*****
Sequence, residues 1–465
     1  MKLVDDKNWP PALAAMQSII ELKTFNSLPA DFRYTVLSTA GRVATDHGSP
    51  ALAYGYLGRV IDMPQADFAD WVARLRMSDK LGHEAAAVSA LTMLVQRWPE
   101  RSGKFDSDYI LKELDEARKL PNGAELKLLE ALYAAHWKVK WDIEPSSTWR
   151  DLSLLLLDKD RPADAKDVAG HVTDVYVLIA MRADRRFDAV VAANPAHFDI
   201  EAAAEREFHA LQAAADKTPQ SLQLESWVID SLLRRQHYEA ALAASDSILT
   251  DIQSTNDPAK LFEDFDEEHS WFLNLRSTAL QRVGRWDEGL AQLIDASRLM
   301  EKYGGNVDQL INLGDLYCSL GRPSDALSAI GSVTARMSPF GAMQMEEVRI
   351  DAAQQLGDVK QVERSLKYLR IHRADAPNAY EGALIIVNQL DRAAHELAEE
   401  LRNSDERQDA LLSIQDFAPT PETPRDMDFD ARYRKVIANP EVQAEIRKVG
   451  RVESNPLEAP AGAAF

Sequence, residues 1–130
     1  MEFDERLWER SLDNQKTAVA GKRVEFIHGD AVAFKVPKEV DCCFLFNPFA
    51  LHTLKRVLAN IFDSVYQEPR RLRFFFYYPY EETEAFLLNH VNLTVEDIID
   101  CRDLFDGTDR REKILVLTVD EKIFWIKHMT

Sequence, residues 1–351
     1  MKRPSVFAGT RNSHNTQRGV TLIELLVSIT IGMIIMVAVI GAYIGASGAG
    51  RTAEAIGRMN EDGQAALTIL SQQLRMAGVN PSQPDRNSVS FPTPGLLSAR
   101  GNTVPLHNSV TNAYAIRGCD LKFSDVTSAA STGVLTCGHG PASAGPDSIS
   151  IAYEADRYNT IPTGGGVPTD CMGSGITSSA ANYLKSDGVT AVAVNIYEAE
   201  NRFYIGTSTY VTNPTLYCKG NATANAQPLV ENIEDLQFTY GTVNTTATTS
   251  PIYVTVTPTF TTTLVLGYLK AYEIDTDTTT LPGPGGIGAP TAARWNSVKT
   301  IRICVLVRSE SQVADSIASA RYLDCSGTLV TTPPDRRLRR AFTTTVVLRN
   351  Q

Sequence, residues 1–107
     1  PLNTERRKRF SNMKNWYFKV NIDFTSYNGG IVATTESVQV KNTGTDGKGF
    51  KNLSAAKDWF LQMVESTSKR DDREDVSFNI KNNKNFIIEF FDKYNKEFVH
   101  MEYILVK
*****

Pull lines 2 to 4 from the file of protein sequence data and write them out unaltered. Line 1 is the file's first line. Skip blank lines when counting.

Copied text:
     1  MKLVDDKNWP PALAAMQSII ELKTFNSLPA DFRYTVLSTA GRVATDHGSP
    51  ALAYGYLGRV IDMPQADFAD WVARLRMSDK LGHEAAAVSA LTMLVQRWPE
   101  RSGKFDSDYI LKELDEARKL PNGAELKLLE ALYAAHWKVK WDIEPSSTWR